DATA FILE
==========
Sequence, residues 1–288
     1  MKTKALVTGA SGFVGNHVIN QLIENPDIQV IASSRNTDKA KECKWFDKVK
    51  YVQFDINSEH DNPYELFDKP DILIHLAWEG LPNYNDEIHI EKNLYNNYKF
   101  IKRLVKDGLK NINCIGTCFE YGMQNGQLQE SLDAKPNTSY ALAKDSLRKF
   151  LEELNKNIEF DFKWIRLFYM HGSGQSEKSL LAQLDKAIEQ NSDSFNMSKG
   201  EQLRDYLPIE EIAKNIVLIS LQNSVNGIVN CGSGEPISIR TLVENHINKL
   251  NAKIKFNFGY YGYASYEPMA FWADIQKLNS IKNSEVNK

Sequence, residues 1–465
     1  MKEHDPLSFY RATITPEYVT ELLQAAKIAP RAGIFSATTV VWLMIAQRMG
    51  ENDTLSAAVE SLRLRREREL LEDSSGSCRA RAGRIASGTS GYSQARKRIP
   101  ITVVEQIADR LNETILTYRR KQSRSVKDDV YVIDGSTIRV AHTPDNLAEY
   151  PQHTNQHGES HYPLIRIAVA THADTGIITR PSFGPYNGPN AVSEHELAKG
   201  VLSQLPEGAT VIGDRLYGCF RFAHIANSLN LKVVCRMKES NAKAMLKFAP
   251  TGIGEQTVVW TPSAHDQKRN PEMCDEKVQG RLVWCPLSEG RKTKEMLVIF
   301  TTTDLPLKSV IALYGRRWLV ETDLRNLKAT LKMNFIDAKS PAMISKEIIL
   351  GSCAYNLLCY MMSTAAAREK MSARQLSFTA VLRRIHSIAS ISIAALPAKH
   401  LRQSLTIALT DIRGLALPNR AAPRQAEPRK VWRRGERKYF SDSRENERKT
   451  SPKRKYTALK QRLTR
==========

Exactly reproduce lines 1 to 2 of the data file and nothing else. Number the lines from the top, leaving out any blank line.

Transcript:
Sequence, residues 1–288
     1  MKTKALVTGA SGFVGNHVIN QLIENPDIQV IASSRNTDKA KECKWFDKVK